Both qualitative (Radin, 2006) and quantitative (Askim, Johnsen, and Christophersen, 2008; Dull, 2009) research report that variation in the use of performance data depends upon the type of program an employee worked in.

There are good reasons to believe that leaders with more general responsibilities are less likely to use performance information than those with task-specific responsibilities.

  • A leadership role requires dealing with external stakeholders and political negotiation. This leaves less time for management activities.
  • The more senior the leader, the less specialized the knowledge.

Generalist leaders lack a sense of context to interpret performance information—they struggle to know why performance is good or bad or what to do about it.

H3: Task-specific leaders are more likely to use performance information than generalist leaders.

Managers rarely learn directly from quantitative numbers,but from interpreting these numbers, making sense of what they mean given their knowledge of the context in which they work. Individuals with a deep knowledge of task are therefore advantaged in the ability to apply performance data.

H4: Managers with greater task-specific experience are more likely to use performance information.

Organizational Factors

Ammons and Rivenbark (2008) point out that it is not only the existence of measures but also the ability to tie these measures to management systems that fosters use.

H5: Managers who perceive performance information is available and tied to management systems are more likely to use it.

Managers must want to use performance data.

  • Case research illustrates the importance of building an organizational culture that is supportive of performance information use (e.g., Broadnax and Conway, 2001; Franklin, 2000).
  • Yang and Hsieh (2006) find that organizational support for performance measurement is correlated with perceptions that it is effective.
  • There is also evidence that goal or mission orientation is associated with performance information use (de Lancer, Julnes and Holzer, 2001; Moynihan and Landuyt, 2009).

Developmental cultures are associated with a focus on the organization, flexibility, adaptability and readiness, growth,andresource acquisition (Quinn and Rohrbaugh, 1981;Zammuto and Krakower, 1991; Pandey,Coursey, and Moynihan, 2007).

Developmental cultures correlate with self-reported measuresof organizational effectiveness (Moynihan and Pandey, 2005), although de Lancer Julnes and Holzer (2001) found that a similar measure of organizational culture was not associated with performance information use among their respondents.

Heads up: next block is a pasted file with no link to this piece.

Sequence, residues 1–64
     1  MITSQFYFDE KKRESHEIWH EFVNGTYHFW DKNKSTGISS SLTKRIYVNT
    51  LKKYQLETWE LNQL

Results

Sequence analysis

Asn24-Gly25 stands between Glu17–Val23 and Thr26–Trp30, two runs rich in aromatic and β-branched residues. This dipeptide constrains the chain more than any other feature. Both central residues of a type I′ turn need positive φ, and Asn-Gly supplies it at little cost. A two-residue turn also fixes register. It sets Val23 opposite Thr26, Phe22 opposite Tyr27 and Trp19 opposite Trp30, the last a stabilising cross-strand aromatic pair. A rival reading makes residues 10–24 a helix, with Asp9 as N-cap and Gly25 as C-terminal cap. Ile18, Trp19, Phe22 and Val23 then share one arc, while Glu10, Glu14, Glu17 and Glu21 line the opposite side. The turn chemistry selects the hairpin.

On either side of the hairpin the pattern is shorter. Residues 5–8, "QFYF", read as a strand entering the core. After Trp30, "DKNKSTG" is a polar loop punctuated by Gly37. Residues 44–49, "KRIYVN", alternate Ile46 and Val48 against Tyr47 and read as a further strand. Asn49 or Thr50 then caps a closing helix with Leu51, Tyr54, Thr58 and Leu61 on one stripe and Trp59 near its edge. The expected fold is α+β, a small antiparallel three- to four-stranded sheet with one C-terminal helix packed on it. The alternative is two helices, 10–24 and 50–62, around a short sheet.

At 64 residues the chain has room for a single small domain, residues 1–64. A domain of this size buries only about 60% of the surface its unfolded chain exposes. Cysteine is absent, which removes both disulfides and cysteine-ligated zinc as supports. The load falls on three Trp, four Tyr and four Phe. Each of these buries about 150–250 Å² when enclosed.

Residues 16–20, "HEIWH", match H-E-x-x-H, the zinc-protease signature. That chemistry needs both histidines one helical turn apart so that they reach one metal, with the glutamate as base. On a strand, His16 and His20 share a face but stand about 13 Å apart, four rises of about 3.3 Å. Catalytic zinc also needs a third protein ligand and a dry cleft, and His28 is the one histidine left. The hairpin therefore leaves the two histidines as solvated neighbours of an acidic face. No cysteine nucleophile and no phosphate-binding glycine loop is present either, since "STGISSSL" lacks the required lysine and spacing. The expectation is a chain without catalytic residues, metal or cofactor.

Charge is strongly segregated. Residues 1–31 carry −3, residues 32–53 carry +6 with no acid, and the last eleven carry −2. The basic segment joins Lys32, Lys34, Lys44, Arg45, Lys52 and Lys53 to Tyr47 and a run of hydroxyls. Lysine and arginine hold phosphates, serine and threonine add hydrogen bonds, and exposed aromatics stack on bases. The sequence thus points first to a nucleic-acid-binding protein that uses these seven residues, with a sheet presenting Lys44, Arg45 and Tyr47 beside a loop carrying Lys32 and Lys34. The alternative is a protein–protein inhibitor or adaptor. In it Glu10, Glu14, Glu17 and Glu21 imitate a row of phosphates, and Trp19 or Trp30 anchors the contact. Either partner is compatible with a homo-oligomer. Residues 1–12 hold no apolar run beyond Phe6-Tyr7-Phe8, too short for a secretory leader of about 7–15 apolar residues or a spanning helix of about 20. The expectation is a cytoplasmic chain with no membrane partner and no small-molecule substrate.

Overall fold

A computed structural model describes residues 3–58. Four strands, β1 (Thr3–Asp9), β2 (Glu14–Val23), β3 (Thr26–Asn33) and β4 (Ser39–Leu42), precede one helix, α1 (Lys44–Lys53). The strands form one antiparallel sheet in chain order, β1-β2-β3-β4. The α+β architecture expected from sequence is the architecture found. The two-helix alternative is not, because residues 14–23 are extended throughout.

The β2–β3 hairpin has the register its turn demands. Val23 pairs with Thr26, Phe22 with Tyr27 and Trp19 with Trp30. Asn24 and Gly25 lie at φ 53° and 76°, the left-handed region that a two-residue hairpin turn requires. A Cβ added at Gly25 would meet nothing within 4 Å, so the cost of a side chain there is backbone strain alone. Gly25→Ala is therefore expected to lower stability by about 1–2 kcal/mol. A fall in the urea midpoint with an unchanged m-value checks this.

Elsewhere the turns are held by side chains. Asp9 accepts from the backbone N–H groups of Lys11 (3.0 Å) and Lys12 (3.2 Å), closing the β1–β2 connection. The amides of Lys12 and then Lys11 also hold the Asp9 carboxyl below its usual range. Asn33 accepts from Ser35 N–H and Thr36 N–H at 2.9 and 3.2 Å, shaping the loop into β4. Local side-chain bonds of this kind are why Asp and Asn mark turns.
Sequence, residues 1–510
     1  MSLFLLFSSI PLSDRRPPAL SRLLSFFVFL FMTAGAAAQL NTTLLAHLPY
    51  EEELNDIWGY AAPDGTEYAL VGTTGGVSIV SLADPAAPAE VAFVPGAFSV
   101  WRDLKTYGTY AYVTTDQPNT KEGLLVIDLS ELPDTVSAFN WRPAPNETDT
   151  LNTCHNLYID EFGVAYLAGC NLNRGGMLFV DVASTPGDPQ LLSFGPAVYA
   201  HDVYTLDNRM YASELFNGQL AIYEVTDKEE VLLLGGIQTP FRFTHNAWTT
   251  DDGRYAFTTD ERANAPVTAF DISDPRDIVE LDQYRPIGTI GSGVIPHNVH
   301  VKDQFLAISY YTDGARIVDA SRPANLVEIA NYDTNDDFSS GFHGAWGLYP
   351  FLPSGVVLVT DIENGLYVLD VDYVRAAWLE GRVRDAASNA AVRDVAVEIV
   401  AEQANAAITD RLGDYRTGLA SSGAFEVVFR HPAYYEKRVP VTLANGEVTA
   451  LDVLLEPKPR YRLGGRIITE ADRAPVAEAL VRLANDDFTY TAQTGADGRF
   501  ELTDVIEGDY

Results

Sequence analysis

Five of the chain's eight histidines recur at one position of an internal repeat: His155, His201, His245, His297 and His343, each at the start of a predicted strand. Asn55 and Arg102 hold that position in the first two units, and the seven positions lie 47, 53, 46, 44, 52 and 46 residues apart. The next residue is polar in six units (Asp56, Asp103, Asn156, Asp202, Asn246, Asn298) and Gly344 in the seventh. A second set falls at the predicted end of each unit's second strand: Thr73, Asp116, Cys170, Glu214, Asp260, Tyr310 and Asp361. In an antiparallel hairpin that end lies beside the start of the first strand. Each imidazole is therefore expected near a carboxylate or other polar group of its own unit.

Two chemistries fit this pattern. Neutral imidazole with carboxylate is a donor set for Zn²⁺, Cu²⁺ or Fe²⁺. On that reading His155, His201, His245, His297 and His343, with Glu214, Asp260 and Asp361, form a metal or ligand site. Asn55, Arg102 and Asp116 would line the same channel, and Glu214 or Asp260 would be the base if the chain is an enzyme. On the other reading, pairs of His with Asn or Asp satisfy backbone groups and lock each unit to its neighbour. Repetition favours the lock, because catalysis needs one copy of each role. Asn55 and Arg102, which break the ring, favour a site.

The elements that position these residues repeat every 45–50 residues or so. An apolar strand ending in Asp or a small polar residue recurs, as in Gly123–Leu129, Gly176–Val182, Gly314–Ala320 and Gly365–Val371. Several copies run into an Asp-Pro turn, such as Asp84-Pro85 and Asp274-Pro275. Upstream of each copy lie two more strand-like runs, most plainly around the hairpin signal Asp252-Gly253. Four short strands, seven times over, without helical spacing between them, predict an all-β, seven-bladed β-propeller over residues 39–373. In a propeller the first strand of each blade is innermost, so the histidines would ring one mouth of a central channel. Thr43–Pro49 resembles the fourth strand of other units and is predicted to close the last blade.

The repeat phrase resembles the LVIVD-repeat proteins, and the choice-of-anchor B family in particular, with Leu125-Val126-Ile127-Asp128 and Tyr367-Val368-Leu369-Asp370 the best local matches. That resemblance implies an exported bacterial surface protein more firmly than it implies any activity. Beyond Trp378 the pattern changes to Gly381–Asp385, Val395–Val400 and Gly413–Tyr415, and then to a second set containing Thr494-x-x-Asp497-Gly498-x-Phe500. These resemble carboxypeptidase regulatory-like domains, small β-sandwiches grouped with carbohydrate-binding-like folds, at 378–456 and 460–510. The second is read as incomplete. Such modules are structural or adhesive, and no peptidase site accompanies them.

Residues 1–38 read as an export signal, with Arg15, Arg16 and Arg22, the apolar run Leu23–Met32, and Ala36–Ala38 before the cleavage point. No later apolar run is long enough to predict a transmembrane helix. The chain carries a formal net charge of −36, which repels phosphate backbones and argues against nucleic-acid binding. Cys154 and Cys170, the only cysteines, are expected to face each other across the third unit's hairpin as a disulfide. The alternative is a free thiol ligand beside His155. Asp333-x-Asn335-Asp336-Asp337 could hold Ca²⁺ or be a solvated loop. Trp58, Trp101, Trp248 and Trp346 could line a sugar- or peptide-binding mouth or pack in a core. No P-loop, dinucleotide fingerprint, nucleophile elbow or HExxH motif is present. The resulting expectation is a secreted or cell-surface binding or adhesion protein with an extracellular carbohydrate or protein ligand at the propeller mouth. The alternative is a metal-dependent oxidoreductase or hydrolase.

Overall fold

H6: A developmental organizational culture fosters performance information use.

If managers have the freedom to experiment with processes, they have an incentive to examine performance data to find rationales for innovation.

If managers are restricted in their ability to pursue process change, insights derived from examining performance data are less likely to be useful, and therefore, the incentive to use data are reduced.

H7: Managers who perceive decision flexibility are more likely to use performance information.

Some reforms, such as the ‘‘stat’’ model (Behn, 2007), or the Program Assessment Rating Tool (Moynihan, 2008), are based on the logic that the performance that agencies made must be challenged if performance data are to be taken seriously. From this perspective, an adversarial dialogue fosters use. A contrary perspective is that an adversarial exchange can devolve into a ‘‘gotcha’’ approach, fostering defensiveness and even gaming (de Haven-Smith and Jenne, 2006).

H9: The willingness of budget staff to adopt an adversarial stance affects performance information use.

External Factors

Yang and Hsieh (2006) find that stakeholder participation is a positive predictor of the perceived effectiveness of performance measures.

H11: Managers influenced by professional organizations are more likely to use performance information.


Marginal Effects p Score
Individual beliefs
Public service motivation 0.038 0.001
Job attributes
Reward expectation 0.005 0.595
Generalist leader -0.346 0.000
Task-specific experience 0.006 0.290
Organizational factors
Information availability 0.146 0.000
Developmental culture 0.051 0.001
Flexibility 0.042 0.024
Budget staff take adversarial role 0.023 0.338
External factors
Professional influence 0.066 0.063